I didn't understand "looking for wifi" as a functional criterion of exclusion 
or inclusion.

Do you mean that your friend does not wish to count folks who are jogging over 
to the happy wifi park to check an email and then jogging back to sad non-wifi 
non-park land?

Or, are you implying that seeking SSIDs causes your friend to receive a hit? If 
the latter, that's just bad data collection in that case. Look at tcp flows 
over a minimum of 1 minute, 5 minutes, whatever your threshold is. That should 
weed out folks looking for wifi.

Now, the far more intriguing question here is the percentage of visitors that 
wifi presence can tell you.

There are some hard-core ways of figuring this out, including flying cheap 
drones over the park, counting heads, correlating against wifi data, doing this 
for a week, and then extrapolating a model based on time of day, weather 
conditions (e.g. rain may affect wifi usage because Uber usage goes up), 
testing that model against 50% of your dataset that you've held in reserve, 
refining, etc.

Other solutions could include some volunteers or non-witting volunteers. So, 
gamify this problem, and generate a cheap Pokémon Go knock-off that allows 
people to bag aliens from Wifitar VS Nophoneland. Wifitar aliens are simply 
anyone using a phone with some goofy AR overlays on top to make it fun for the 
whole family, and similar for aliens from Nophoneland, except obviously no 
phone is used. Use the game as a way of increasing publicity for the park, 
discount any game players from your model since they will artificially increase 
your wifi numbers, and then correlate against again half of your dataset you've 
kept in reserve.

Other things that come to mind is surveying folks about their mobile phone 
usage. From such a survey, you may be able to do basic head counting, as well 
as correlation against known numbers of phone usage. Once you know the delta 
between those two numbers, you could use it to inform some coefficients for 
estimating head count.

Now, if you wish to get a bit invasive, I would say to go grab a few $20 
software defined radios, or SDRs, and then count all mobile devices in the 
area, wifi or not. You can use RSSI values, especially if you have multiple 
radios, to even triangulate position, and then you can count all cellular 
traffic signals in the area. You then can correlate against wifi hits from 
above, and now you know the percentage of folks that have wifi turned on VS all 
folks with cellular devices. You can then use other datasets to learn what 
percentage of the public leaves wifi on or even has a cell phone, and then use 
that data to appropriately scale your own numbers up/down.

Interesting aside, this is how the US government listens in on mobile phone 
calls all the time. the device that law enforcement uses is called a Stingray, 
and it pretends to be a cell phone tower, so all the phones hook on to it, and 
then they can man-in-the-middle attack the voice and data traffic going through.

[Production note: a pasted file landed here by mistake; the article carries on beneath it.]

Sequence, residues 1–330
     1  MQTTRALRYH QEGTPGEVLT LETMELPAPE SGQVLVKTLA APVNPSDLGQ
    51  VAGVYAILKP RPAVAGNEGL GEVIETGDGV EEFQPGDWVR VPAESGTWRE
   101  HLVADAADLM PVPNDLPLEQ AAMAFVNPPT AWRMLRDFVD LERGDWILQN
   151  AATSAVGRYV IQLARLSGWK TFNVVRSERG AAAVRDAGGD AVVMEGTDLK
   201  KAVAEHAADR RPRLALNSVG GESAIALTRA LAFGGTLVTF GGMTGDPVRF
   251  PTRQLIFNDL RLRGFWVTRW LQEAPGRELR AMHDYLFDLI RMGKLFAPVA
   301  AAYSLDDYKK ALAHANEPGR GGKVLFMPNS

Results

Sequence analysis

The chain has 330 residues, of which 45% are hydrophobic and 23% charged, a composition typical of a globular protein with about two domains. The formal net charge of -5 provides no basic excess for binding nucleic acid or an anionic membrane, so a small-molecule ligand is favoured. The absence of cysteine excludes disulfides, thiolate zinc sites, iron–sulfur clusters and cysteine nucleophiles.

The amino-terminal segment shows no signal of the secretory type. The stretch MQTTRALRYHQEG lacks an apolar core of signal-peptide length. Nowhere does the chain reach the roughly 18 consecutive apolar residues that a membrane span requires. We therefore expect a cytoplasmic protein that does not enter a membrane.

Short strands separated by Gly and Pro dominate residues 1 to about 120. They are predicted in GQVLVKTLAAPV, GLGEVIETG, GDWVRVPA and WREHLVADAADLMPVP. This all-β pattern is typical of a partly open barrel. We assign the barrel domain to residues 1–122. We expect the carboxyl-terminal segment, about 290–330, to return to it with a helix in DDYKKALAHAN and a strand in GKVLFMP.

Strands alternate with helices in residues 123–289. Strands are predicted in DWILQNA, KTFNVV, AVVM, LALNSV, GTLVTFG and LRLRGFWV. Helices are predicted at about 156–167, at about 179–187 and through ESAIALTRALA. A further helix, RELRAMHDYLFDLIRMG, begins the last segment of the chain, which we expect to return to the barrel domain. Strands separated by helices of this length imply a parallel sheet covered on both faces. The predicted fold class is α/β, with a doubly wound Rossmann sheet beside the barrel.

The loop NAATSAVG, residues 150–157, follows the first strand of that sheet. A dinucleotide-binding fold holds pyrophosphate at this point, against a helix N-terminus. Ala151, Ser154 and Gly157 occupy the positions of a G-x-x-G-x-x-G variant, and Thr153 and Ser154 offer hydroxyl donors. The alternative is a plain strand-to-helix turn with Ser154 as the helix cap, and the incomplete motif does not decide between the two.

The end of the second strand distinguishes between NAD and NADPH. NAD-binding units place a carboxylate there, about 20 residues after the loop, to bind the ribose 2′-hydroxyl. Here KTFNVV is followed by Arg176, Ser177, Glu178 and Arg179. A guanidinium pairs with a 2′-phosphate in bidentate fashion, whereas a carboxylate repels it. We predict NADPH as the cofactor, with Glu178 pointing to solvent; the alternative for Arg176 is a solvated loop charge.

This is now trivial to do yourself since gsm encryption has been cracked and 
openly known for a while (well, trivial other than the whole prison thing, 
violating people's privacy thing, and basically being a super evil person).

Other options that come to mind are making sure to have your routers possibly 
log collision avoidance on the 2.4GHZ spectrum. People may leave Bluetooth on 
more than they leave wifi on, especially now that Apple has no headphone jack, 
so you could use this as a possible additional way of counting mobile devices, 
then counting wifi and doing that delta from above.

Ok, I capped myself to 3 minutes to respond to this, because I'm totally 
procrastinating on paperwork, but I'm happy to discuss. the above ideas are far 
less implausible than they may seem. I used some of the approaches above to 
write in-door location algorithms back before it was ever cool. it was a 
startup in the 2007 era for RTLS in hospitals. Cisco threw millions of dollars 
at the problem and only had 60-foot spherical accuracy (which was cute). Our 
approach achieved room-level. So, this stuff is doable.

It really comes down to resources and comfort level. This is a tractable 
problem, it seems, but some solutions are rather frowned upon.

Back to paperwork. This was way more fun!

Take care,

President, Prime Access Consulting, Inc.
Twitter: @SinaBahram
Company Website: http://www.pac.bz
Personal Website: http://www.sinabahram.com
Blog: http://blog.sinabahram.com

-----Original Message-----
From: mcn-l-boun...@mcn.edu [mailto:mcn-l-boun...@mcn.edu] On Behalf Of Nik 
Sent: Thursday, December 01, 2016 6:22 PM
To: mcn-l@mcn.edu
Subject: [MCN-L] Tapping the MCN Brain Trust

I have a friend who runs a large, free public-access wifi network in a park. 
The network requires no authentication. There is modest promotion of the 
availability of free-wifi. He’s looking to estimate the total number of 
visitors to the park from the number of unique clients he sees on his wifi 
network. Despite the fact that a significant proportion of visitors have their 
smartphone with them, only a certain percentage will appear on the network due 
to a variety of factors including phone settings and a user checking to see 
whether there’s wifi available.

What percentage of the total visitor number does the MCN brain trust think he 
will see on his network? Or maybe put another way, what percentage of the 
population looks for free wifi?


Nik Honeysett | Chief Executive Officer

M (805) 402-3326  P (619) 331-1974  E nhoneys...@bpoc.org 
2131 Pan American Plaza, San Diego, CA 92101

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